Some Jews who managed to escape from ghettos
and camps formed their own fighting units. These fighters, or partisans, were
concentrated in densely wooded areas. A large
group of partisans in occupied Soviet territory
hid in a forest near the Lithuanian capital of
Vilna. They were able
to derail hundreds of trains and kill over 3,000
Life as a partisan in the forest was difficult. People had to move from place
to place to avoid discovery, raid farmers' food supplies to eat, and try
to survive the winter in flimsy shelters built from logs and branches.
In some places, partisans received assistance
from local villagers, but more often they could not count on help, partly
because of widespread antisemitism, partly because of people's
fears of being severely punished for helping. The partisans lived in constant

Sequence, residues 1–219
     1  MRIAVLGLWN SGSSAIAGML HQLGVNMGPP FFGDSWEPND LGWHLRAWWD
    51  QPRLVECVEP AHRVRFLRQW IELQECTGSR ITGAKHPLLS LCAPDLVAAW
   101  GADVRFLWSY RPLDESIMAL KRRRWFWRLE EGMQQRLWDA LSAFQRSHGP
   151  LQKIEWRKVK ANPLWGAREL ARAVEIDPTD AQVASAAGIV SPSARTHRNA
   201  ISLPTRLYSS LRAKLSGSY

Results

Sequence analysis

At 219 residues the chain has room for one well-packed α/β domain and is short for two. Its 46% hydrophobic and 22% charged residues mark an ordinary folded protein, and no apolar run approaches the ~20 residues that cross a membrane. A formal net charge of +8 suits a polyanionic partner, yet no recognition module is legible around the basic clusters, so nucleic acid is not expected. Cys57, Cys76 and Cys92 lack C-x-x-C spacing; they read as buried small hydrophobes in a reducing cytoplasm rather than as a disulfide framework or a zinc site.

danger of local informers revealing their whereabouts to the Germans.
Many Jews participated in the
partisan units formed in France and Italy to help
regular Allied forces defeat German forces. They
forged documents and identity cards, printed
anti-Nazi leaflets, and assassinated
Twenty-three-year-old Hannah Senesh, a Hungarian Jew who emigrated to Palestine in 1939, was one of the thirty-two
Palestinian parachutists the British dropped
behind German lines to organize resistance and rescue efforts. Before
crossing the border in Hungary on June 7, 1944, to warn Hungarian Jews
about the extermination camps, Senesh, a poet, handed a poem to one of
her companions. It ended with these lines: "Blessed is the heart with
strength to stop its beating for honor's sake. Blessed is the match consumed
in kindling flame." Senesh was captured the next day and executed as a
traitor to Hungary.
For more information, see "Jewish Resistance" and "Jewish Parachutists from Palestine"in the Holocaust Encyclopedia.